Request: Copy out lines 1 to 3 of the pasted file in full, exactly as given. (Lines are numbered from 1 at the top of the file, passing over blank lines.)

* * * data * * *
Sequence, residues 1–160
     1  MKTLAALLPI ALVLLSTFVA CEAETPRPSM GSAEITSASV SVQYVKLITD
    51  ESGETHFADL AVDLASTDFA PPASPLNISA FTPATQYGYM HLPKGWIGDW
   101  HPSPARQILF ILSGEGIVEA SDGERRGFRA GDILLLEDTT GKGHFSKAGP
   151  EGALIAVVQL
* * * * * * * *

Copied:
Sequence, residues 1–160
     1  MKTLAALLPI ALVLLSTFVA CEAETPRPSM GSAEITSASV SVQYVKLITD
    51  ESGETHFADL AVDLASTDFA PPASPLNISA FTPATQYGYM HLPKGWIGDW